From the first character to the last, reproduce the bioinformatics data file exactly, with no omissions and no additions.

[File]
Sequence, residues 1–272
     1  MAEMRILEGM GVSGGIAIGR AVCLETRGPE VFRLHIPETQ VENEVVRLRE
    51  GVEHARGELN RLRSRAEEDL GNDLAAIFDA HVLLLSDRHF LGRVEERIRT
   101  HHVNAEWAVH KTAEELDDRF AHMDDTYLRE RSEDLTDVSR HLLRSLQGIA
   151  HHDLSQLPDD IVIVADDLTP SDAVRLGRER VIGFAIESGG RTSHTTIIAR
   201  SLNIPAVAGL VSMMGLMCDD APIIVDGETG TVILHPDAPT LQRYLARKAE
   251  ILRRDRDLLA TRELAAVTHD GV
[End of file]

Sequence, residues 1–272
     1  MAEMRILEGM GVSGGIAIGR AVCLETRGPE VFRLHIPETQ VENEVVRLRE
    51  GVEHARGELN RLRSRAEEDL GNDLAAIFDA HVLLLSDRHF LGRVEERIRT
   101  HHVNAEWAVH KTAEELDDRF AHMDDTYLRE RSEDLTDVSR HLLRSLQGIA
   151  HHDLSQLPDD IVIVADDLTP SDAVRLGRER VIGFAIESGG RTSHTTIIAR
   201  SLNIPAVAGL VSMMGLMCDD APIIVDGETG TVILHPDAPT LQRYLARKAE
   251  ILRRDRDLLA TRELAAVTHD GV